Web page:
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dgrev last won the day on January 15 2018

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About dgrev

  • Birthday 01/01/1

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  1. How not to use a shifting spanner! Note at 10:23 they instruct to put the J device on back to front. It was obviously designed that the device goes to the inner side of the crab arm, that way the pull would be vertical and not at an angle as they have done it.
  2. Richard, Having 3 different standards of thread is beyond crazy. What were they thinking? Regards Doug
  3. Hello all, I have 2 to 3 sets of BG 414-S and 5 sets of Champion 63-S spark plugs NOS. As far as I know, they are for Continental W-670 and Wright R-975 engines (Stuart, LVT, HST, Grant/Lee and Sherman) What do they typically sell for?
  4. I have been in this hobby since the late 1970s. The subject of reproduction carrier track has come up countless times over the years. Every time it is yeah, yeah, everyone wants some. Right up to the moment that they are asked to pony up the deposit so that the proposer(s) knows how many owners are actually dinkum and will put their hands in their wallets so that he can calculate a price based on efficiency of scale of production. Every time the whole arrangement collapses due to lack of commitment of the buyers. I can only conclude that there either most carriers are hardly ever driven or that they are all running around on worn out track. Given that the track had a usable life of 500 miles and that I have yet to hear of anyone discovering a cache of NOS track for either British or Aussie/New Zealand carriers sooner or later a batch will have to be produced. But given the "track" record of willing buyers, it won't be me bank rolling the event. US Halftrack owners seem to be a very different breed and have organised, produced and taken delivery of new made track. Given the difference in technology, theirs was the more difficult project. So it can be done, it just takes motivated buyers.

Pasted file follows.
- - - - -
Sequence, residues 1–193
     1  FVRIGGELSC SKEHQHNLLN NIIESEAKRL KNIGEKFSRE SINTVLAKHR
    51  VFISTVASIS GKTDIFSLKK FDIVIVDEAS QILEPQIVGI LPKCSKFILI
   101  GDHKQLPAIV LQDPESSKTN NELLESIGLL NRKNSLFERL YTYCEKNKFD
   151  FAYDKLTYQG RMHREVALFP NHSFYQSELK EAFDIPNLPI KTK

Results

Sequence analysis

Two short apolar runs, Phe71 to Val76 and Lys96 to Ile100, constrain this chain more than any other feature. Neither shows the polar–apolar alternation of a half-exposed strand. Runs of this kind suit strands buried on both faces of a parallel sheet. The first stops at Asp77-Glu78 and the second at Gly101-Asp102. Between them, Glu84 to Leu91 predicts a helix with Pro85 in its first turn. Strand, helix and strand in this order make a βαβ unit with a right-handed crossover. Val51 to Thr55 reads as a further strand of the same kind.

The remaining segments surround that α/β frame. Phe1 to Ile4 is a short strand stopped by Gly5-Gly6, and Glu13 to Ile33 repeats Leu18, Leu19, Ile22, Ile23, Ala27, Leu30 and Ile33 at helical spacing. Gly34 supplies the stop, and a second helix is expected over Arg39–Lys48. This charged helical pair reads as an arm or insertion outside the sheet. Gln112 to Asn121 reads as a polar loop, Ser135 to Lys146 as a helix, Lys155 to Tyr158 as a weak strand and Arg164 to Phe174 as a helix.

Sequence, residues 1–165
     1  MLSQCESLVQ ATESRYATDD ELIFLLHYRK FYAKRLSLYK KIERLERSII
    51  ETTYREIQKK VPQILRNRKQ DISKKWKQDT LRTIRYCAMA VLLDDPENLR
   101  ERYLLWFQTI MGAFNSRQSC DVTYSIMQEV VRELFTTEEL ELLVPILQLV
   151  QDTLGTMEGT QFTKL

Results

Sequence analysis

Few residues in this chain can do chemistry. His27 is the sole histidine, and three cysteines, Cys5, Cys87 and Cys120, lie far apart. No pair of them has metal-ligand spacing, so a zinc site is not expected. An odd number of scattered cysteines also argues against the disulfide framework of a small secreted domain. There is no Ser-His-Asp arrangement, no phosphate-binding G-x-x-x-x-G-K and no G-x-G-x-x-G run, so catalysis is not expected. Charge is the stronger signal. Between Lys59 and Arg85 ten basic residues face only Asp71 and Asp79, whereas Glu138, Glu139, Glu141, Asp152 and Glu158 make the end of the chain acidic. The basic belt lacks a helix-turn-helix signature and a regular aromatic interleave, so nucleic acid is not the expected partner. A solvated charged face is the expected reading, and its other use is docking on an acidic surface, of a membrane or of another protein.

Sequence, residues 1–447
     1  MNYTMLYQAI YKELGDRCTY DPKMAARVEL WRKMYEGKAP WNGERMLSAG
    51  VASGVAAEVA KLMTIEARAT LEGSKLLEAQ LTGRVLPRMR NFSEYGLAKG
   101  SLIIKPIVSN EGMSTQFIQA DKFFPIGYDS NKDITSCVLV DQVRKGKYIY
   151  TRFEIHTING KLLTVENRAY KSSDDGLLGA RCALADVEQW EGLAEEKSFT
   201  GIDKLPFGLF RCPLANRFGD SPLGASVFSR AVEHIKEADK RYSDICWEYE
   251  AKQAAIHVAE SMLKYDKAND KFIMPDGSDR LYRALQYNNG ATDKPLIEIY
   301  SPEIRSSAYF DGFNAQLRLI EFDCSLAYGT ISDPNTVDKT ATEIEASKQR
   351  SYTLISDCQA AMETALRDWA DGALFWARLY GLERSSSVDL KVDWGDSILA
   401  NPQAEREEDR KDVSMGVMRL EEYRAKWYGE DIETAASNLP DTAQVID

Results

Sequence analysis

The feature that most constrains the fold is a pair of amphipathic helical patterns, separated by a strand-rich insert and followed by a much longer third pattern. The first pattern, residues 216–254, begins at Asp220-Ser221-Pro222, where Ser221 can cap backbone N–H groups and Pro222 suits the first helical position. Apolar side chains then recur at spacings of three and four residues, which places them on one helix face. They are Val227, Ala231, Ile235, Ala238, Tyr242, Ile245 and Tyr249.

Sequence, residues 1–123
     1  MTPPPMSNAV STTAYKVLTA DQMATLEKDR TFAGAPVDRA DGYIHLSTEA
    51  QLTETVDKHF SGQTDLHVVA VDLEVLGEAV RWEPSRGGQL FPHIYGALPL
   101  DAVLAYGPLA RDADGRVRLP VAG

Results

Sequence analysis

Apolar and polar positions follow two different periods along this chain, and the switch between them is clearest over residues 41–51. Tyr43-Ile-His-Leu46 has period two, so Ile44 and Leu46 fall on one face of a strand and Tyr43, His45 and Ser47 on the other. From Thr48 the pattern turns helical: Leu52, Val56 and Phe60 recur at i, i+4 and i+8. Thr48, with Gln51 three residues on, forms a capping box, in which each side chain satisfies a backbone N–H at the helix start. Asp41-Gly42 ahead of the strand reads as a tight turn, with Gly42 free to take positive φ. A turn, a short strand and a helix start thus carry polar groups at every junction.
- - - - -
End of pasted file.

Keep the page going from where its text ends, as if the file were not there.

5. There is a bloke in Adelaide, Australia making nice reproduction track winches. I saw pics of them on the Facebook carrier site.
  6. Those bearings are impressive. Doubtless a very special order in these times if they can be sourced at all. Stunning how good a condition they are in. Regards Doug (in Oz)
  7. Ian, That is a very high percentage of Terebine. Think of it more like you would a catalyst. Just some, to start a reaction happening. At 20% I would expect drying to be very quick, but I would also expect to see detrimental effects such as cracking/crocodile skin and even flaking off? Regards Doug
  8. Ian Lovely work. Pleasure to see someone keeping the craft skills alive. Regards Doug
  9. David I did not know there were any in Oz. Diesel or petrol? Regards Doug
  10. I was just sent a screen grab of the new "fine"of GBP250 for leaving rubbish behind on your site. Paint me cynical, but how do they know it is "your" rubbish and not that of your worst enemy who has waited till you leave then tossed all their rubbish in your spot? Since when does a private company have the legal backing to "fine" anyone at their pleasure?
  11. I am still leaning towards a "British Obscure" thread form. On the US WW2 tanks with radial engines, the rubberless flexible piping is said to use a thread form called (I think for lack of any known name) "US Wartime thread" - quite coarse and matching nothing else. It may just be that what you have is a WW1 equivalent or an in-house thread form such as our Aussie electrical. Regards Doug
  12. I am so glad that all but one of my vehicles uses UNF threads (British and American vehicles!), the other one uses metric. British Obscure threads sound like a nightmare. On that note, when I did my trade as an electrician they told us at tech that the screws that are used on Australian power points and fittings are unique. Apparently when the Oz electrical industry was being born, there was difficulty in obtaining the required machinery and tooling. Somebody found out that a Scottish factory (nobody seems to know what they made) had gone bust and their equipment was up for sale. It was one of those places that had their own proprietary thread form. We still use it - not that you can buy taps or dies to suit. BA is not even close. Regards Doug
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